Ductless Fume Hoods: An Alternative to Laboratory Exhaust Systems
Exhaust Fume Filtration
Activated charcoal, the most common purification filtration medium, adsorbs chemicals with a molecular weight above 30 and a boiling point above 60°C. Carbon filters are also effective with many other chemicals because of their particular molecular structure.
Adsorption takes place in the active filter zone, the small cross-section of the filter bed in which the material to be removed comes in contact with the filtering medium. This active filter zone moves upward as the filter becomes saturated (see illustration). When it reaches the filter's top surface, there is an initial breakthrough by the contaminant gas; thereafter the percentage of contaminant gas that escapes filtration increases until total saturation of the filter is reached.
Ductless fume hoods manufactured by Terra use activated carbon filters to eliminate most nuisance fumes and can be used in conjunction with HEPA filtration. For more hazardous chemicals like strong acids and bases, specialized Labconco filtered fume hoods can be equipped with a wider range of filters and include an array of safety sensors for breakthrough detection.
Enhancing Filter Performance
To optimize filtration efficiency, any ductless exhaust fume system must ensure that the exhaust stream is exposed to the purification medium for an adequate time. Terra exhaust purification systems satisfy this condition in several ways.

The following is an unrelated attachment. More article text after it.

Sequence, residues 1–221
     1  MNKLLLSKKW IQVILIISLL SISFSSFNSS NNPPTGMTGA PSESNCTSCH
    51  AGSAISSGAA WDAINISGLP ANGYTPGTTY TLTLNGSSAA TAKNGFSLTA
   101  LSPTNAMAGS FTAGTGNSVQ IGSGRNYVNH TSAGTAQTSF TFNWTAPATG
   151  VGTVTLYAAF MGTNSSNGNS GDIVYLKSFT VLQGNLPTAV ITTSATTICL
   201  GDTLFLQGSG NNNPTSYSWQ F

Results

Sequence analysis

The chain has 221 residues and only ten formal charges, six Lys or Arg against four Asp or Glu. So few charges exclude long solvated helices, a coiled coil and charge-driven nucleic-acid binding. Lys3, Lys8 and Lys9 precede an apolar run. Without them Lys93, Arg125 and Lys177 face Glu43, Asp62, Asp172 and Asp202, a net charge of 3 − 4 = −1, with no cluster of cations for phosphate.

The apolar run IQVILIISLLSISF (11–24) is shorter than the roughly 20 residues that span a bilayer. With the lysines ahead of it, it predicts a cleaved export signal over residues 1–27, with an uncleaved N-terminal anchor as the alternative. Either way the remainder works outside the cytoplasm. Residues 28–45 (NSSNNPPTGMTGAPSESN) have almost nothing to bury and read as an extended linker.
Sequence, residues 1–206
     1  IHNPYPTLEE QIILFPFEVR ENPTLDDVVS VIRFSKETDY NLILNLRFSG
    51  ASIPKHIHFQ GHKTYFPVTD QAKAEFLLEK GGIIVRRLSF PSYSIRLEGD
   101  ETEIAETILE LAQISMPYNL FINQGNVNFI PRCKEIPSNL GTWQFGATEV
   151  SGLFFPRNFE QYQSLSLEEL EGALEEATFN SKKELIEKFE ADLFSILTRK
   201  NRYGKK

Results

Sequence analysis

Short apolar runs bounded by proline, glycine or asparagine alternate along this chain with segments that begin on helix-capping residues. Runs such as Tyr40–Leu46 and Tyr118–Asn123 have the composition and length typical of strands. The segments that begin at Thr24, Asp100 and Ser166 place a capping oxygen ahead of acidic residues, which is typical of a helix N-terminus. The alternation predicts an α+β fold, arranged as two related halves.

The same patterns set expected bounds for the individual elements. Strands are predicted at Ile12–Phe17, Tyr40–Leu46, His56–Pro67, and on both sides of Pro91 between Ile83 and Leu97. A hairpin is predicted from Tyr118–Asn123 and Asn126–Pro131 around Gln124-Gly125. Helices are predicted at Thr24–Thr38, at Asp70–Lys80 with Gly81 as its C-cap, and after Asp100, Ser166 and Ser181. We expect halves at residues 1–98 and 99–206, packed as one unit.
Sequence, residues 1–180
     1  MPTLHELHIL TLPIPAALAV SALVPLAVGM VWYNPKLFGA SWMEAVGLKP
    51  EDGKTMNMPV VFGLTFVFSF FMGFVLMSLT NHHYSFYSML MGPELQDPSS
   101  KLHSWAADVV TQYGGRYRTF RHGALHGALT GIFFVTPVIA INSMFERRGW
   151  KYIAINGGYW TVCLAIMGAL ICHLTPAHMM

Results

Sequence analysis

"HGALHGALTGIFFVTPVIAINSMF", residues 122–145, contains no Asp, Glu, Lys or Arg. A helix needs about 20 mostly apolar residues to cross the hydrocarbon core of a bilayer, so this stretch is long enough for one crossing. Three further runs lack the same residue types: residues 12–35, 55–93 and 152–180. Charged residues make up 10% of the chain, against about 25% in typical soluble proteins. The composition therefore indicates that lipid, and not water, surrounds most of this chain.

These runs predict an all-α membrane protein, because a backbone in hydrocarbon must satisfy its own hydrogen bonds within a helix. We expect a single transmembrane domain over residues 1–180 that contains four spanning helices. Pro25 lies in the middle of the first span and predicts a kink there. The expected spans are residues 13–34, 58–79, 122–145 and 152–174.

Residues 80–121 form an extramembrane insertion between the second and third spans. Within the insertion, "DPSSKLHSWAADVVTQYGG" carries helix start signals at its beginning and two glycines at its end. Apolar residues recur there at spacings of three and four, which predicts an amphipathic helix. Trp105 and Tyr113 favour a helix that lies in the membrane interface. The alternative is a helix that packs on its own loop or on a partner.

First, our specially selected impeller ventilators are designed to ensure the optimal linear velocity of the airstream—sufficient to maintain a negative pressure in the work area that prevents backflow, but low enough to allow adequate adsorption of fumes by the filtering medium. Our pre-filters also extend exposure time by reducing the airflow through the filter.
Monitoring Filter Effectiveness
A ductless exhaust fume system needs to be monitored in two areas. The user must detect the period between initial contaminant breakthrough and the point at which the contaminant gas reaches the Threshold Limit Value (TLV) for that substance. The velocity of the airstream must also be monitored to ensure an adequate negative pressure and to detect ventilator failure.
Through periodic testing of the exhaust airstream, you can determine the useful filter life in your particular application and gauge filter effectiveness with an elapsed time meter.
An electronic airflow velocity monitor also helps users ensure safe, effective operation and provides an alarm when velocity falls below a user-defined threshold.
Put Safety First!
Avoid filter use in applications involving very toxic substances, very high volumes of contaminants, and unknown or highly volatile chemical reactions. Always make sure that filters are promptly changed when the Threshold Limit Value (TLV) has been reached for any contaminant gases present.